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Session 26 - Stars in the Visible & IR.
Display session, Tuesday, June 10
South Main Hall,
UBV and uvby photometry of the short-period (0.52 d) Magnetic Chemically Peculiar (MCP) star CU Vir obtained since 1987 with the Phoenix 10-inch and Four College 30-inch automatic telescopes cannot be plotted with the same period determined by investigations before 1984. The same is true of radial velocity and equivalent width variations from spectra obtained at the Haute Provence Observatory and at the Crimean Astrophysical Observatory from 1994 to 1996.
The automatic telescope photometry and earlier photometry going back to 1958 show evidence that the period of CU Vir may have changed about 1985. Prior to 1984, photometric and spectroscopic data can be represented by a period of 0.5206786 days; the 1987-89 data are best represented by a period of 0.5206987 days; and the 1991-96 data by a period of 0.5207085 days. Light, spectrum and magnetic variations in an MCP star are believed to be due to rigid rotation of an inhomogeneous atmosphere where a large magnetic field is present. The radial velocity and equivalent width variations in CU Vir can be explained by such a model. No reasonable spectroscopic binary orbit can be obtained from the radial velocity variations. The most obvious explanation of these data is that the rotational rate of the star is decreasing. Assuming a continuous period change, an analysis of all available data from 1955 to 1996 results in a period increase rate of 1.5E-09, but there are large residuals for several of the data sets. The photometry after 1985 shows a good fit with a period change of 2.0E-09. Pulsation, variable spots and precession models are also being examined as possible explanations. It is not clear whether the period is continuing to increase, so further monitoring of this star is necessary.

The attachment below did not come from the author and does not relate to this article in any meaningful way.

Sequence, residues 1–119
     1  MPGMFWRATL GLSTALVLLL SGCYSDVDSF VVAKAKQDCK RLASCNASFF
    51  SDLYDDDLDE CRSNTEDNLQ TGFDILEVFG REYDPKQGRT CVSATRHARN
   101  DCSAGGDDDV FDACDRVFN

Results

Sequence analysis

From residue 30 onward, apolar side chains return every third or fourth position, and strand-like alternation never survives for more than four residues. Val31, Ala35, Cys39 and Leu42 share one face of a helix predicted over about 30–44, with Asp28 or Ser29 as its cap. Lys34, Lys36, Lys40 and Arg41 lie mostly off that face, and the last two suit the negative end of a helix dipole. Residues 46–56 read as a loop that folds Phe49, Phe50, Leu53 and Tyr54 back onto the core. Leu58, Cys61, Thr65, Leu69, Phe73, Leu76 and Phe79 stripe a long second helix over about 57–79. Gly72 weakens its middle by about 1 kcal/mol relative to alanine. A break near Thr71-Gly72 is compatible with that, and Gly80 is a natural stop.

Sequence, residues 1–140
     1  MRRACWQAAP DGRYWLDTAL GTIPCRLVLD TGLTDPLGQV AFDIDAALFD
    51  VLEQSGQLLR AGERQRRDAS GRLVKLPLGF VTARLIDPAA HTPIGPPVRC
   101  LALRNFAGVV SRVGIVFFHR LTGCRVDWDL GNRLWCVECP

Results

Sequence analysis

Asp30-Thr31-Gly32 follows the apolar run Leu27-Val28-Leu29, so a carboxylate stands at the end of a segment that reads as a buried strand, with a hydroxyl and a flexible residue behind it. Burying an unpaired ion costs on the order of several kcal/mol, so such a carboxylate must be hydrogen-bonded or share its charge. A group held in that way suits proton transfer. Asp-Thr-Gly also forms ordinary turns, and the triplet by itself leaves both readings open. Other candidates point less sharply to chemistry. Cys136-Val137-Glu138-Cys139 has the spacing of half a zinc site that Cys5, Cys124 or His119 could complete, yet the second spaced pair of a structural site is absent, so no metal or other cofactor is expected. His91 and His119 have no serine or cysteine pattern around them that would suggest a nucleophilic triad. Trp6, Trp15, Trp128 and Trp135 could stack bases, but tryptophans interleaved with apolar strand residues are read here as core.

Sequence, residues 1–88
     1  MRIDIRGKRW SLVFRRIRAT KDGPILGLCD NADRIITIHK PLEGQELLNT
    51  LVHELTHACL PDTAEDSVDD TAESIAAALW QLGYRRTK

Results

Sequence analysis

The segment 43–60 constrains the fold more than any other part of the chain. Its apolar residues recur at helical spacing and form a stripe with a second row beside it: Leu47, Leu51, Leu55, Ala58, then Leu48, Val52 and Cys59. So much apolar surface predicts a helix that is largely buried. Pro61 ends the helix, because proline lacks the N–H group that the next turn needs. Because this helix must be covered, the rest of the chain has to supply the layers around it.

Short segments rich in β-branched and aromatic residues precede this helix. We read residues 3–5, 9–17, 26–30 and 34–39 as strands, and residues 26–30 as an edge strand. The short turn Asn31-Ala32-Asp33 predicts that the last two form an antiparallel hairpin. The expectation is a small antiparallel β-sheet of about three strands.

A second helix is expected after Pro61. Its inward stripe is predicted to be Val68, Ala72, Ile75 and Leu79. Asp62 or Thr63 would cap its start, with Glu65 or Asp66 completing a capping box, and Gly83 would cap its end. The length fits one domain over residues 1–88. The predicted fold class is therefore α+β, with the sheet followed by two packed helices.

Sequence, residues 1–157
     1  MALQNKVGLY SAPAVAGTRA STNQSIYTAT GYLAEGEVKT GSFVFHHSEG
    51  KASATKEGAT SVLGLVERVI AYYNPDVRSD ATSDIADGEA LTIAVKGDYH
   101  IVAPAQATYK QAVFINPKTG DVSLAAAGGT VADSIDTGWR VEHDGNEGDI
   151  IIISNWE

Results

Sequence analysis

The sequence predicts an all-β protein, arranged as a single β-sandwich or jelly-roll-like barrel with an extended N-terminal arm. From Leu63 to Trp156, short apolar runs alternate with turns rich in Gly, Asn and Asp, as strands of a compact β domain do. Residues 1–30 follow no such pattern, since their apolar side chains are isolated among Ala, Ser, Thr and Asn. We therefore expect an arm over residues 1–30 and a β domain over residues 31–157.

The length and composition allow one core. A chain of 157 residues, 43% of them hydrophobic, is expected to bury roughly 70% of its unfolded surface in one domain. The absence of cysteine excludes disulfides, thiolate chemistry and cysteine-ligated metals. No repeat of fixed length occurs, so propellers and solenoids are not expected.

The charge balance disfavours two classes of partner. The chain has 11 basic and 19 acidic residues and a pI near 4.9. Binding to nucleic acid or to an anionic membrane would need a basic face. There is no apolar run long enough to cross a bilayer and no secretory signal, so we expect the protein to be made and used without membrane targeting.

Partly supported by NSF Grant AST-9115114.
Program listing for Tuesday